All cells must perform cellular respiration to get energy and stay alive, but not all organisms can do aerobic cellular respiration.
Find out in this lesson if prokaryotic organisms can use oxygen to do cellular respiration and how the process works.
What are prokaryotes? They are simple, usually single-celled organisms. Prokaryotic cells do not have a nucleus; instead the DNA is packed up in the middle of the cell.
They also have ribosomes to make proteins and a membrane and cell wall to contain the contents of the cell. Prokaryotes do not have specialized organelles like the more complex eukaryotes (like us humans).Prokaryotes include bacteria, those organisms you hear about on the news causing rampant disease and destruction (but most of them are not so bad).
The other kind are archaea, which usually live in extreme environments that are too hot, cold, salty, or alkaline for other cells to live. Whether they live inside your body or inside a hot spring, prokaryotes must do cellular respiration to stay alive.When you hear the word ‘respiration’, you probably think of breathing.
Well, cellular respiration is not the same thing as breathing. It’s actually a metabolic process that involves breaking apart glucose (sugar) to create a form of cellular energy called ATP.All organisms do cellular respiration to stay alive, but they don’t all do the same type of cellular respiration.
You see, there are both aerobic cellular respiration (with oxygen) and anaerobic respiration (without oxygen). The main difference is that aerobic produces much more energy. Eukaryotes need to do aerobic cellular respiration (and we breathe to get that necessary oxygen!), but prokaryotes are much simpler, so anaerobic cellular respiration is often sufficient. But is it enough all the time? No!So, the answer to our question is…Yes! Aerobic cellular respiration does happen in prokaryotic organisms.
But only certain kinds. Let’s examine this process.
Aerobic Cellular Respiration
In your cells, cellular respiration happens in a special organelle called the mitochondrion. But as mentioned, prokaryotic organisms don’t have organelles. Rather than taking place in the mitochondrion, cellular respiration happens either in the cytoplasm or across the plasma membrane of the cell. Scientists believe that the mitochondria in our cells are actually bacteria that moved in to perform cellular respiration for us.
The first step of cellular respiration, whether it is aerobic or anaerobic, is called glycolysis (glyco= glucose, lysis= split apart).
This happens in the cytoplasm in both eukaryotic and prokaryotic cells and splits glucose, or sugar, into two molecules in order to make ATP.Then, there are two more steps that only occur during aerobic respiration.
The Krebs cycle (also called the citric acid cycle or the TCA cycle) finishes breaking the sugar down into carbon dioxide.
As the remnants of glucose are being broken apart, energized electrons are released.
These electrons move to the electron transport chain, where they are passed to a bunch of different carriers across the cell membrane in prokaryotes. In eukaryotes, this movement of electrons happens across the mitochondrial membrane.This movement causes a build up of negatively charged electrons on one side of the membrane and a build up of positively charged protons on the other side. Have you ever heard the phrase ‘opposites attract’? Well, they do, and these protons and electrons really want to be together. When the electrons reach their final carrier, oxygen, they can finally move back across the membrane to be with their proton soul mates.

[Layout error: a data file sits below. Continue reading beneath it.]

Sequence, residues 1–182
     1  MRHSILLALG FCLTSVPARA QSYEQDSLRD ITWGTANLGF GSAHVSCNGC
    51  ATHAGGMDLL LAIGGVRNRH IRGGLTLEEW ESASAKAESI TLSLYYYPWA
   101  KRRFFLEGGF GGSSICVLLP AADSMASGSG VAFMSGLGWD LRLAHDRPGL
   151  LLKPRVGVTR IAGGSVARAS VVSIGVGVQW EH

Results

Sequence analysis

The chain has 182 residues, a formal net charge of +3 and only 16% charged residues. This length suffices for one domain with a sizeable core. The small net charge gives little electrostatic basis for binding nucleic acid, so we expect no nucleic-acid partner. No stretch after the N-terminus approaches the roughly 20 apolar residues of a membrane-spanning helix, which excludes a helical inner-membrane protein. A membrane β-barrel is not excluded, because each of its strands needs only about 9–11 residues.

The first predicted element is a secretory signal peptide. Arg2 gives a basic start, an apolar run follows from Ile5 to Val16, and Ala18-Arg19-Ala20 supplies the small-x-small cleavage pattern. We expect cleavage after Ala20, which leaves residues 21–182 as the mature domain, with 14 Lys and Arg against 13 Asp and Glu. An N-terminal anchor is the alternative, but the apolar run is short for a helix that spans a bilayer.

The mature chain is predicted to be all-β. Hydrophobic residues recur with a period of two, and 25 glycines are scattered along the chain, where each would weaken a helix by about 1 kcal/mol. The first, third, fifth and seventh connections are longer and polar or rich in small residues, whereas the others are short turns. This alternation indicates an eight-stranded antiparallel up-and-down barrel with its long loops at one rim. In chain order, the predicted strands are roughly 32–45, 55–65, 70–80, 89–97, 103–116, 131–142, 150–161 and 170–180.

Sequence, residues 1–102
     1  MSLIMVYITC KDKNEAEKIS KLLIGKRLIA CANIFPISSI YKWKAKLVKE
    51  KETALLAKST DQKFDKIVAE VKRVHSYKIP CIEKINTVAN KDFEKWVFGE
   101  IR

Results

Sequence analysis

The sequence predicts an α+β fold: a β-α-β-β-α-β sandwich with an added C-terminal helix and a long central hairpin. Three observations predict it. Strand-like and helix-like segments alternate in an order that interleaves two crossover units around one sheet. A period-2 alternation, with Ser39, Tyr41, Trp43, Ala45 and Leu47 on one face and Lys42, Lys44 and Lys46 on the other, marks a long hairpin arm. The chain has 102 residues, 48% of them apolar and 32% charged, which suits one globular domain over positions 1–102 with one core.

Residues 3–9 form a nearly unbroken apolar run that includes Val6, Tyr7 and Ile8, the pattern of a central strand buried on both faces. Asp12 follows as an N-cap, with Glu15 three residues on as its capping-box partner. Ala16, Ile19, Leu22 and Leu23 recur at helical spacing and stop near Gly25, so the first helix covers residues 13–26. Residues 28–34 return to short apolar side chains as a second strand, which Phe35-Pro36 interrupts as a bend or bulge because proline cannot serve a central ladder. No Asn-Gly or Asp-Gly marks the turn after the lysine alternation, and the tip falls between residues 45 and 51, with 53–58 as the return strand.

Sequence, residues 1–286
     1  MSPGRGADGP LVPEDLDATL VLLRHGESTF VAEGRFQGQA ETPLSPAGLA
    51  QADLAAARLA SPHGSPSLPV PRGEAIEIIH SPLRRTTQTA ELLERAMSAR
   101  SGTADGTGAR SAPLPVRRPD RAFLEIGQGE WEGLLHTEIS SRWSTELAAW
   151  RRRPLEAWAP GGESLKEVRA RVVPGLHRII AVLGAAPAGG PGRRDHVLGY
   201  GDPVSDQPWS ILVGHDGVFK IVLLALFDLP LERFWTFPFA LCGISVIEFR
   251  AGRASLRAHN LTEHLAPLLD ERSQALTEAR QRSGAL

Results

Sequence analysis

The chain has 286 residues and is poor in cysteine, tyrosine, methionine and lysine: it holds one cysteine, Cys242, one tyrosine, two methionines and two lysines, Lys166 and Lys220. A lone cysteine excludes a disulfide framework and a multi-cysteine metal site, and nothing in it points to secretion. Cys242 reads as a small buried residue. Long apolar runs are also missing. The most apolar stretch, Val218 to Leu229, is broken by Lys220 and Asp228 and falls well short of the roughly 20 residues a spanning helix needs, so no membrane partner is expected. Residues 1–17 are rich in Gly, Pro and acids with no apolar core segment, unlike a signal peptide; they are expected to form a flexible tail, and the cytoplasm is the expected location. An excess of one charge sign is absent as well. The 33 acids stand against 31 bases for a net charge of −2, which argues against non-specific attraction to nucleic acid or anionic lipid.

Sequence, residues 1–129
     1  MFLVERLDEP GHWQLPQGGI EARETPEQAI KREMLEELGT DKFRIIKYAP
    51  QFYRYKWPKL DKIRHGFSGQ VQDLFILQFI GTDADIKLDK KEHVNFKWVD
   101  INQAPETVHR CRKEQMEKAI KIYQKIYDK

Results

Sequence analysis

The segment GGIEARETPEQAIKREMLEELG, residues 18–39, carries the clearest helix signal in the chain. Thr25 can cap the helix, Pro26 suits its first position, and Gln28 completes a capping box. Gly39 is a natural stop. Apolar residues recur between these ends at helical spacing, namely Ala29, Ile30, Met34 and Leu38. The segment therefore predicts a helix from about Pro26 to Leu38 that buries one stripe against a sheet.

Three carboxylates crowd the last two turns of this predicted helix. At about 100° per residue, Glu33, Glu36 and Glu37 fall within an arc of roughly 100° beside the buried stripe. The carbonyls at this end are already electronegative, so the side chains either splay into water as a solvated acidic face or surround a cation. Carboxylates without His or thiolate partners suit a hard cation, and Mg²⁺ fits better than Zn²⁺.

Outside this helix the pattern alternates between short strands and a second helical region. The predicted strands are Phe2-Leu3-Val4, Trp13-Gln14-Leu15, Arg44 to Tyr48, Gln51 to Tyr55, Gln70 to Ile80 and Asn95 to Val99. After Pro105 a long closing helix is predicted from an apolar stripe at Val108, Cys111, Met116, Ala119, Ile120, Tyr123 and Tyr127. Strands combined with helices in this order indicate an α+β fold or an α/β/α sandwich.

This movement is what helps the cell make lots of ATP, meaning the electron transport chain is the main producer of ATP during cellular respiration.Note: The Krebs cycle does not use oxygen directly, but it works in conjunction with the electron transport chain. The electron transport chain uses oxygen directly, so the Krebs cycle also requires oxygen, albeit indirectly.
Examples of Prokaryotes
As mentioned above, different prokaryotes can perform either aerobic or anaerobic respiration.
Some examples of bacteria that only do aerobic respiration, and are therefore called obligate aerobes, are Staphylococcus species, which can cause a variety of infections in humans, and Mycobacterium tuberculosis, which, as its name implies, causes tuberculosis.Other prokaryotes perform anaerobic respiration, but will switch to aerobic when oxygen is present. E. coli, that bacteria you may hear about on the news causing food-poisoning outbreaks, is one of these facultative anaerobes.But not all prokaryotic cells can perform cellular respiration, especially if there’s no oxygen around! The bacteria in your stomach, for example, don’t have any oxygen available to perform aerobic cellular respiration. These cells can do anaerobic respiration, also called fermentation, which basically just involves repeating glycolysis.
Prokaryotes, however, can make a whole bunch of different products during fermentation, such as ethyl alcohol.
Aerobic cellular respiration uses oxygen to make ATP, a form of energy the cell can easily spend to do work. Many prokaryotes, small simple cells like bacteria, can perform aerobic cellular respiration.
These cells will move electrons back and forth across their cell membrane. Other types of prokaryotes cannot use oxygen to perform cellular respiration, so they perform anaerobic respiration.